6. Grow up, then grow out. First we added functionality to Wordpress, often in the form of a new plugin. Then we discovered what we broke. Since many plugins are poorly documented, and the interactions between them even less so, we couldn't always prevent things from breaking. So we fixed everything we could find before moving on to new functionality. Basically a stop the line mentality. In Trello, we added a column "Bugs" and tagged the items in yellow. If a bug was present, it was handled with top priority. This is getting things really done!
  7. Definition of ready is your friend for getting things done. For each column in our Trello workflow, we created a permanent card with the definition of ready to enter that column. To enter the Ready column, each story had to have a how-to-demo checklist. This makes it much easier to know how to implement the story and how to confirm that we have achieved the goal during the Review. To leave Ready and enter the Forecast column, the team (member) had to be confident they could get the story by the end of the sprint.
  8. Do the work at the beginning of the sprint. Did I say get stuff done? Get it done early. The biggest danger with part-time staff is that they work on other things until they feel they can't postpone your stuff any longer. If they do their 20% on the first day of the sprint rather than the last, their chances of getting stuff done are much higher! Getting stuff done also removes a major source of tension between the players in the project.
  9. Wordpress is the friend I love to hate. There is plugin for that. Yes, and the interactions between those plugins can be quite unpredictable. It enabled us to get started quickly, but I suspect before our product is done we will have reimplemented all of the key plugins to suit our needs. I'm not complaining, because my site is live and I can generate potentially revenue to pay for that development.
  10. Automation is your dearest friend. This includes virtualization, backup and source code control. Yesterday, a system programming error during the sprint review managed to destroy all three instances of our system. Embarrassing, but...  We recovered the system by creating a new virtual machine on linode from the daily backup, restored the Wordpress configuration (database) from the daily Updraft Plus backup, and the current file configuration from the source code control. 45 minutes later we were back online and there was no impact on our schedule. If fact, we are actually deploying a week earlier than I had hoped! We will also get better reliability, because this incident convinced us to separate test and production on separate nodes.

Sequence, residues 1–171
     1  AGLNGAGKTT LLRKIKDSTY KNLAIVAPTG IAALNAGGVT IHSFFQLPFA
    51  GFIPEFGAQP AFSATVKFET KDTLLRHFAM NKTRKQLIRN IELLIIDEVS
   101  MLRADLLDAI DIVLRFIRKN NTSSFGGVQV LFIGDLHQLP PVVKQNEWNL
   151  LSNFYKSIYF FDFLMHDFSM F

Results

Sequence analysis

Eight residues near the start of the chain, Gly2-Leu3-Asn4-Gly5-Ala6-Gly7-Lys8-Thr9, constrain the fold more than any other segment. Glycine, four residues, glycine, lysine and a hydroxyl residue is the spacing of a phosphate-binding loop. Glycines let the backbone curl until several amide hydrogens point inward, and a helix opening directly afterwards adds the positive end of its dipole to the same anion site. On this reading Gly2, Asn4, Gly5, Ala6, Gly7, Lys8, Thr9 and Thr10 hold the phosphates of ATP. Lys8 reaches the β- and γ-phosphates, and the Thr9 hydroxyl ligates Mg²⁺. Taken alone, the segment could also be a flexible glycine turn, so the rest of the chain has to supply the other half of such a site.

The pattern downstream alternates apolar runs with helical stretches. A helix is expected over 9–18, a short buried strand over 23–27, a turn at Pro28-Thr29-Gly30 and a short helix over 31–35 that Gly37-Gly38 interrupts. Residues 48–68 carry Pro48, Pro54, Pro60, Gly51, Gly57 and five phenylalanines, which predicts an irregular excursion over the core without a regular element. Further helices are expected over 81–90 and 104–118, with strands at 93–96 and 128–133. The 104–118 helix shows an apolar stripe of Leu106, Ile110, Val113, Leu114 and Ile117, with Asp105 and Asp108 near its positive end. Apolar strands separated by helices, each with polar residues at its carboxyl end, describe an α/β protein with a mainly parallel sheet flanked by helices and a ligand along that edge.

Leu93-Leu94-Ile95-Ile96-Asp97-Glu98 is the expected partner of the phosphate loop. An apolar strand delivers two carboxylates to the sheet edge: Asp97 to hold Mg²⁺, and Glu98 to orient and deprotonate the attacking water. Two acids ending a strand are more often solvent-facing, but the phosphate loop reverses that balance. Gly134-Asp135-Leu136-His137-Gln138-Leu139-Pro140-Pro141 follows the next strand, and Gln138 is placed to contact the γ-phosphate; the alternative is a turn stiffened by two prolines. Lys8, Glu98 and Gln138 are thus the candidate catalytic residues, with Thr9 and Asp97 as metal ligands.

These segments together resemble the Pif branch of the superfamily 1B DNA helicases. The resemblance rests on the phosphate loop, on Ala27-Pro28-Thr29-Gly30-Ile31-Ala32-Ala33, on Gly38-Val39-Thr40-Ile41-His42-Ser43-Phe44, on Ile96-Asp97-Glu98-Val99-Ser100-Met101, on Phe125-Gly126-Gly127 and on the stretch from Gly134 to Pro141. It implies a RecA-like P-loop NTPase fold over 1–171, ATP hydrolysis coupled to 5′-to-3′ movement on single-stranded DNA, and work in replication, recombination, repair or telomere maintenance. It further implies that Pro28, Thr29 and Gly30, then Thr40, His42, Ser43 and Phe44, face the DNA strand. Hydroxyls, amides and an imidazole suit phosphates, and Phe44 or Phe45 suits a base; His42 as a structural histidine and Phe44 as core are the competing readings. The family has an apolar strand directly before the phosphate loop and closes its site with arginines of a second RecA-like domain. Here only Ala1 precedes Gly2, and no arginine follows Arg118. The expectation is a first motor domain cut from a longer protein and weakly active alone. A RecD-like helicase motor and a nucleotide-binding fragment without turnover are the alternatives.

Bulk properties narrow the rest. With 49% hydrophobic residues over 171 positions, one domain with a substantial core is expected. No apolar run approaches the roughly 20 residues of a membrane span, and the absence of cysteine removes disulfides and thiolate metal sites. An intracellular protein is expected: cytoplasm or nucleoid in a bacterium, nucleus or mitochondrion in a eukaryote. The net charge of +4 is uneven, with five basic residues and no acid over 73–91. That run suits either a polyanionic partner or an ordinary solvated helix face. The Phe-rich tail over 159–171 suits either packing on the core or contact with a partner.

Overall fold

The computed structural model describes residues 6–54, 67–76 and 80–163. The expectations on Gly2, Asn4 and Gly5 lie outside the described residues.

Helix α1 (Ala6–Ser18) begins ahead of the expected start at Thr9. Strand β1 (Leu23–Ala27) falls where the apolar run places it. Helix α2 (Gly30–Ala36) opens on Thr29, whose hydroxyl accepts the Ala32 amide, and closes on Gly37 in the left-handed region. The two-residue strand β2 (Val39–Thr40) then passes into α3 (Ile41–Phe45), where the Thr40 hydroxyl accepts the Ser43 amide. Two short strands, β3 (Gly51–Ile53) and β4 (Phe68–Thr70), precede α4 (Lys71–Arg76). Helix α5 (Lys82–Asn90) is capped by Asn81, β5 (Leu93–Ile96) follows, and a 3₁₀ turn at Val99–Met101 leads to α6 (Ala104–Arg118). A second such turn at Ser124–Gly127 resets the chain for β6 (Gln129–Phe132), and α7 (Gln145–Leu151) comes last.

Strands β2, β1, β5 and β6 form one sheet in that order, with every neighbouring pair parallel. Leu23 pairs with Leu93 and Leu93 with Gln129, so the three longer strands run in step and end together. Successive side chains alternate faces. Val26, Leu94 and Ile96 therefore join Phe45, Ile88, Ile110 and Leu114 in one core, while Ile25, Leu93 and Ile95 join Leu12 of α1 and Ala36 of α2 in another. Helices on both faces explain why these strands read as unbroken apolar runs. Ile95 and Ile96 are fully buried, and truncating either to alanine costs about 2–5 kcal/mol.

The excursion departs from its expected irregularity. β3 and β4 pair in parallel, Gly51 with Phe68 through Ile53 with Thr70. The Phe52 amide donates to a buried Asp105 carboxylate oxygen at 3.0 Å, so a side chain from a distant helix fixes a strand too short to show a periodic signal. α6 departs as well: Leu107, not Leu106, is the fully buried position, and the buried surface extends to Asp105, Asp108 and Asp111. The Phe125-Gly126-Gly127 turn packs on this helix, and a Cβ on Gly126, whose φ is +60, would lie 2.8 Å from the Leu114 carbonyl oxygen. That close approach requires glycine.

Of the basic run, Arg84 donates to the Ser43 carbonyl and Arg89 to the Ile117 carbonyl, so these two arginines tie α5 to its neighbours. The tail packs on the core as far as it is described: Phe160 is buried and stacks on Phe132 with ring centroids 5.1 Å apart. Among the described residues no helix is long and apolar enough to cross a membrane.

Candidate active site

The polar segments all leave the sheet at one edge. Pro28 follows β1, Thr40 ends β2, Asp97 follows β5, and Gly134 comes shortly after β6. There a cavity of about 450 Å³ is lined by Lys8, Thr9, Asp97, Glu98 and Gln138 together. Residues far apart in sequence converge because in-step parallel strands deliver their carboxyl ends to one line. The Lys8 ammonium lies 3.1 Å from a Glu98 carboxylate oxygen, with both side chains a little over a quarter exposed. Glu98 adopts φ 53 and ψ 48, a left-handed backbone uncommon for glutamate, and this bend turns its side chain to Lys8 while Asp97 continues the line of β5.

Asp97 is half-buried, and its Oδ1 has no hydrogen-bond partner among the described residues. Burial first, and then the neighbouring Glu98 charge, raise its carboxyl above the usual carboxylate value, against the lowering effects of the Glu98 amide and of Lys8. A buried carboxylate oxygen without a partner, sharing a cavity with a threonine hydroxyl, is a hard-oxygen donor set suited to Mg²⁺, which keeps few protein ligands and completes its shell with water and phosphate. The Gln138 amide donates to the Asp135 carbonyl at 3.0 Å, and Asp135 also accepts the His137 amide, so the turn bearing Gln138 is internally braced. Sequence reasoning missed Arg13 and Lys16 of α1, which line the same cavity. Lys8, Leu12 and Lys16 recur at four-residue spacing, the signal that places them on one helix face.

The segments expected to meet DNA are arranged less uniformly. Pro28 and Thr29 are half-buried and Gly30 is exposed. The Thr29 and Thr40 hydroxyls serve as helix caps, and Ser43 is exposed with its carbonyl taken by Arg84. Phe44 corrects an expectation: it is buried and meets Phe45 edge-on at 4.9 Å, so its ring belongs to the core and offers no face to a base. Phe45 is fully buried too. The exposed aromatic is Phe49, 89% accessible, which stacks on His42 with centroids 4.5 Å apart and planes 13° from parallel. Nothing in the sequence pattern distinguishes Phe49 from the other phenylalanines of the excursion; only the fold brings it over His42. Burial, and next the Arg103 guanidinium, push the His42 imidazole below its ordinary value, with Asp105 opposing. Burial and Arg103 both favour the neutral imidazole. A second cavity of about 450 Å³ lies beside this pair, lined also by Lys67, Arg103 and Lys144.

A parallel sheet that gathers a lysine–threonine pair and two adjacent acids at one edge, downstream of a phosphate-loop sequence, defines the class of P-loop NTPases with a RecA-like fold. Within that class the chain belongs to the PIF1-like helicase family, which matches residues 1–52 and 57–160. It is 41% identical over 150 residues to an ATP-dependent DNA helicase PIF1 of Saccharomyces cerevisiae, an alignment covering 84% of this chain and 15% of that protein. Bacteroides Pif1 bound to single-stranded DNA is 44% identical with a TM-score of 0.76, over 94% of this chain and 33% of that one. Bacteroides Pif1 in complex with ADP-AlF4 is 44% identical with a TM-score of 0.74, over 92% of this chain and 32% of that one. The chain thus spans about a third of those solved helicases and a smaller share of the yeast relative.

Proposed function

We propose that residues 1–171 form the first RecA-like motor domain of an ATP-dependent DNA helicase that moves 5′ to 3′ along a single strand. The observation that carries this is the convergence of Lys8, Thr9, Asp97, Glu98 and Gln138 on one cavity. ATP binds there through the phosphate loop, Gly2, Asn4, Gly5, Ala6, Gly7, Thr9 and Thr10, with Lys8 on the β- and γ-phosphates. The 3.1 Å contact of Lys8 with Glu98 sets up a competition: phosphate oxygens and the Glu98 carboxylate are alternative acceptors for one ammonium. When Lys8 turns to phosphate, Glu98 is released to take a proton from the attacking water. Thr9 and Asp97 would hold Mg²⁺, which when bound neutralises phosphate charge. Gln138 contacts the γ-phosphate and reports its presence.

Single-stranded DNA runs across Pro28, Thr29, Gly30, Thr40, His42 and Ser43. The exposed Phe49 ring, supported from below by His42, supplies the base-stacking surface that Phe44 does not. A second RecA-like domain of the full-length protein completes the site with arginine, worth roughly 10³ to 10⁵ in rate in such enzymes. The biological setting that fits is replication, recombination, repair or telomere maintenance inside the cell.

As a final thought, for me as Product Owner (and entrepreneur), Sprint Planning is an opportunity to ask:
What is the best possible step forward for the business, given what I know today?

The answer might not be software development. I ask myself that question every week, and it really helps me to do the right thing!

Monday, July 27, 2015

Is your Scrum User Group really a user group?

Ken Schwaber recently chided the Scrum Alliance for having a trademark on the term "Scrum User Group." Man! There is something about the way divorced couples can fight forever through their kids. I'd like to ignore the couple for a moment, and talk about the children: What is the state of user groups in the Scrum and Agile community?

After a period of working too hard, I have been able to attend a few user group meetings this year. A couple of patterns have stood out for me. Patterns that don't feel right, but maybe I am exaggerating? Do you recognise any of these?
  • The user group is associated with an agile consultancy.
  • The user group event starts with some promotion of said consultancy.
  • The user group doesn't have a website or even a meet-up page.
  • The user group website is mostly promoting high-value courses.
  • Membership is free (just sign up for our mailing list).
  • The user group event is mostly attended by beginners 
  • The only really experienced Agilist present is the group's host.
  • The user group events are mostly talks by managers, coaches or trainers (in other words, they are a form of self-promotion).
Is a user group more than a marketing arm of a consultancy? Or am I being too harsh? What is your experience with Scrum user groups? What do you think a good user group should be?

Tuesday, July 7, 2015

What powerful questions does Scrum help you answer?

The video on powerful questions made me think about the deeper purpose of the various Scrum activities. Can I formulate Scrum as a series of Powerful Questions to be general enough, that they might be useful outside of software development? Here is the image I came up with and below are the questions I think each of the Scrum Activities and artefacts strives to help you answer.


  • The Sprint is a container to limit ourselves to setting reasonable medium-term goals. 
  • What can we reasonably expect to accomplish by the end of the sprint?


  • How will our efforts make the world a better place?